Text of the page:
GOP lawmaker: Ted Cruz doesn't have votes to derail spending bill

Sen. Ted CruzRafael (Ted) Edward CruzTrio of Senate Republicans urges Supreme Court to overrule Roe v. Wade Overnight Defense: US launches another airstrike in Somalia | Amendment to expand Pentagon recusal period added to NDAA | No. 2 State Dept. official to lead nuclear talks with Russia No. 2 State Dept. official to lead nuclear talks with Russia next week MORE (R-Texas) won’t have enough conservative votes to derail the $1.014 trillion spending bill Congress is expected to vote on this week, Rep. Tom Cole (R-Okla.) said Monday. 

On Bloomberg TV, Cole was asked whether Cruz would succeed in ruining a GOP leadership plan to avoid a shutdown.   

“No, I don’t think he’s got the votes to do it. They’ll be actually bipartisan support for this, and there will be bipartisan opposition,” said Cole, who’s close to GOP leaders and is a member of the House Appropriations Committee.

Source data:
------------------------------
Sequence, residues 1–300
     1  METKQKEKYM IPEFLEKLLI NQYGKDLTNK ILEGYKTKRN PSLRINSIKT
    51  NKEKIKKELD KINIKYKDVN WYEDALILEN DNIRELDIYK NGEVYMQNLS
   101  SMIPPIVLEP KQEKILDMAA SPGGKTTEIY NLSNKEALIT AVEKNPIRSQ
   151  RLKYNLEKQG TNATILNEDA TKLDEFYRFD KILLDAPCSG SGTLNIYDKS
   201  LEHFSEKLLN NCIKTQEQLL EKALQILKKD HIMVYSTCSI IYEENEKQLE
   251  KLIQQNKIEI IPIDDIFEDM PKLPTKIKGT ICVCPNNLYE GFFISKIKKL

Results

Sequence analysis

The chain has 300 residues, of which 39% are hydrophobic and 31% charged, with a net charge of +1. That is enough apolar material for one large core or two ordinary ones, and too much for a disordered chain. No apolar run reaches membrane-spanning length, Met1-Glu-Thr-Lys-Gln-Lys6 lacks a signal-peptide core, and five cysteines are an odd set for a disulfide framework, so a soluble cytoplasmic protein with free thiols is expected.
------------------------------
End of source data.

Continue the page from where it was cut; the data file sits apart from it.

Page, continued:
Cruz, the architect of the 2013 government shutdown, has been leading a group of conservatives to defund President Obama's executive orders on immigration.


There are some Democrats, Cole said, who oppose the authorization for funding of Syrian rebels in the battle against the Islamic State in Iraq and Syria (ISIS). Cole said there are also Republicans who prefer to spend less than the limits set in December 2013’s budget deal.

Cole acknowledged the fact that the bill must pass a Democratic Senate and must be signed by a Democratic president but said House Republicans wouldn’t need Democratic votes. 

“I don’t think we need them. I think a lot of them will vote for it because they broadly support parts of the bill,” he said.

The Appropriations panel is expected to post the funding bill known as the “cromnibus” online Monday. The bill will consist of 11 appropriations bills that fund most of the government through September 2015 and one continuing resolution (CR) that funds the Department of Homeland Security for a couple of months.

“At the end of the day, I think there will be ample votes there from both sides of the aisle, so I don’t think you’ll have the drama there that one might expect,” Cole said. 

The Republican said he’s “very confident” Congress would be able to pass the bill by the Thursday deadline to avert a government shutdown.